Warsaw, 16 March 1946. Judge Stanisław Rybiński, delegated to the Commission for the Investigation of German Crimes, interviewed the person specified below as a witness. Having advised the witness of the criminal liability for making false declarations and of the gravity of the oath, the judge swore the witness in accordance with Art. 109 of the Code of Criminal Procedure.

The witness testified as follows:

Name and surname Jakub Wiśniewski
Date of birth 25 July 1902
Names of parents Jan and Maria née Tomczak
Occupation SPB policeman
Education seven grades of elementary school
Place of residence Warszawa, Bema Street 65
Religious affiliation Roman Catholic
Criminal record none

On the day when the uprising broke out in Warsaw, that is on 1 August 1944, I served in the fire brigade of the Lilpop, Rau & Loewenstein company. From the very beginning of the uprising, I was on duty in the factory. The Germans ordered our team to guard the warehouses located in this area, where they had various property brought from all of Warsaw – fabrics, clothes, furs etc. – in storage, and to protect them in case they were in danger from fire. Sitting on the roof the entire time and pouring water over it, I saw what was happening around. During the first couple of days the Germans were executing the entire population of Wola, whoever fell under their sway, men, women and children. I saw that happening in the garden near Sowińskiego Park.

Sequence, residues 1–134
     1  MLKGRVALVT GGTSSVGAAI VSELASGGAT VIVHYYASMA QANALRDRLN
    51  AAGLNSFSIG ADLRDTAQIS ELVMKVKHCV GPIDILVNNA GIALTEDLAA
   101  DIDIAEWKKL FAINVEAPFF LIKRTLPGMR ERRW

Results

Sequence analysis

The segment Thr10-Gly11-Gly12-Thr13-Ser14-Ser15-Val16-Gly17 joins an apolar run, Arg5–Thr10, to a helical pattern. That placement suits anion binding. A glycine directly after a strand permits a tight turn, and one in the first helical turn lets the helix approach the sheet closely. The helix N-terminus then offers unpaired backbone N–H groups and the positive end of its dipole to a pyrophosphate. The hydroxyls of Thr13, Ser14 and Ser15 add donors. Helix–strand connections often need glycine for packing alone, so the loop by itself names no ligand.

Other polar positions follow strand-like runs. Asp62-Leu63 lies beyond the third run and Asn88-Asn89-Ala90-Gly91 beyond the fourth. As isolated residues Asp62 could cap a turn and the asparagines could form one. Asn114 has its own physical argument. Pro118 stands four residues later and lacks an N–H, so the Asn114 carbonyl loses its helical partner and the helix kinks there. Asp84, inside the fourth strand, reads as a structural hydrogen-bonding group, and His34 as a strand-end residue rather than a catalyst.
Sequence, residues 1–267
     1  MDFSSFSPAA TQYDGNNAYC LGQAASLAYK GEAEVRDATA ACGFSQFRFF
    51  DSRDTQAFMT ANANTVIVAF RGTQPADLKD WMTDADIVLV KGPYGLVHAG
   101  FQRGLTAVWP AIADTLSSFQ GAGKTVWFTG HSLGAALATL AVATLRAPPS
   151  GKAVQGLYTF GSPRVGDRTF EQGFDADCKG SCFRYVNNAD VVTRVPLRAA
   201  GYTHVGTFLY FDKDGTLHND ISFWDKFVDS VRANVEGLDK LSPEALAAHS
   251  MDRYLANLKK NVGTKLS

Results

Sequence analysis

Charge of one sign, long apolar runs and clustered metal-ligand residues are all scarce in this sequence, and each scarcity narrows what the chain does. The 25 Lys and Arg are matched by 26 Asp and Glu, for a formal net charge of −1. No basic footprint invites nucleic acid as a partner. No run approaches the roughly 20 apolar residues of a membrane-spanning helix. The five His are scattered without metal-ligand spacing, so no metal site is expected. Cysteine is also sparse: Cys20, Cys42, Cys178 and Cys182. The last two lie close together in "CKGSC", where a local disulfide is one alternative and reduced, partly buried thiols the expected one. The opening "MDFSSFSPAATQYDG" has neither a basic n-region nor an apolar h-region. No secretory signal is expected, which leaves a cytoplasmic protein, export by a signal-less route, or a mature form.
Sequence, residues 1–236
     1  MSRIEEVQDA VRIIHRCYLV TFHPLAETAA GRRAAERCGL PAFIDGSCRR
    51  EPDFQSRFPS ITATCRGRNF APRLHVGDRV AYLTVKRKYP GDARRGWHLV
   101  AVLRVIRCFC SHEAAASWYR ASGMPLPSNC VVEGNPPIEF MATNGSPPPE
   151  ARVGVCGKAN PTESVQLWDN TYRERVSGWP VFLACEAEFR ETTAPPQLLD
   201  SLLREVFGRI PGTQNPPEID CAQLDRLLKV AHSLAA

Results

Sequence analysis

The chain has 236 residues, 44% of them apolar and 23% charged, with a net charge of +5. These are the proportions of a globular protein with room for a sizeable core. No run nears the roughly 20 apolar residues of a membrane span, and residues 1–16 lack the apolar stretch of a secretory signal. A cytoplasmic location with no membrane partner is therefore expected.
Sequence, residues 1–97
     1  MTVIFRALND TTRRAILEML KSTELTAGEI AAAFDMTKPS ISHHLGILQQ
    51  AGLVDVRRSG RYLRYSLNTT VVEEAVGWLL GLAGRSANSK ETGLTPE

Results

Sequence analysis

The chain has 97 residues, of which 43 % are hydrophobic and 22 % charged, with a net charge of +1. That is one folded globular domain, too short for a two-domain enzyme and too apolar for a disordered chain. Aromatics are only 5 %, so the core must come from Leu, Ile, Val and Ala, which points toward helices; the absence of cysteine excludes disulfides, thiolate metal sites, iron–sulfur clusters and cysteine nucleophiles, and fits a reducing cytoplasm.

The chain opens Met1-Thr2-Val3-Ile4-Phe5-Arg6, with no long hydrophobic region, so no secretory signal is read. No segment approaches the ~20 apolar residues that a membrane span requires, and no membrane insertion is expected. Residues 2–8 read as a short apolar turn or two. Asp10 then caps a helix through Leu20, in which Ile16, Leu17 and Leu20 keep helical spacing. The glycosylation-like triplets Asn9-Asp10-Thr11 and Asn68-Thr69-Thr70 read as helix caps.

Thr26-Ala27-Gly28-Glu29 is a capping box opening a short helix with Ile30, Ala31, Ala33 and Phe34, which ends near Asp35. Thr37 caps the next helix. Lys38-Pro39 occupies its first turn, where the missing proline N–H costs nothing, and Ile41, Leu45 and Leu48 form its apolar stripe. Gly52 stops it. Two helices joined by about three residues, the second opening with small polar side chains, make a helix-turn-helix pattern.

Only on 6 August did the Germans begin to expel the people who fell under their sway from the city, directing them down Bema Street in the direction of the West Railway Station [Dworzec Zachodni]. They would usually herd two or three hundred people, while those who were tired and unable to walk were shot with pistols by the gendarmes, and their bodies were taken to a wooden shed located on the corner of Bema and Prądzyńskiego streets. The gendarmes allowed the weaker people to stay in a wooden house located right by the abovementioned shed, which was in good shape. On the following day, the Germans put up a sign saying: “Shelter for elderly and disabled”, and to this house they started bringing the elderly and weak people, as well as people carried on stretchers [selected from among] the groups herded towards the West Railway Station.

I saw a tall, thin priest leading his elderly mother by the arm. The gendarmes halted them, separated the mother from the son, took her to the wooden house, and the priest, who was pleading with them not to take his mother away, was brutally shoved by a gendarme in the back. The priest, weeping, had to go on his way alone. And so the Germans were gathering the elderly and the disabled there for a few days, up to 11 August. In total, around five hundred people over five days.

On 11 August, half an hour before midnight, two gendarmes approached that house and threw incendiary grenades into it. I could hear shrieks, moans and shouts from the inside. The fire was spreading quickly, however, and soon it engulfed the entire house. All the people who had been put in there compulsorily by the gendarmes were burnt alive, and those of them who somehow managed to get out of the burning house where shot dead by the gendarmes.

I did not know any of the German gendarmes who committed this crime, and I am not able to state their names.

The report was read out.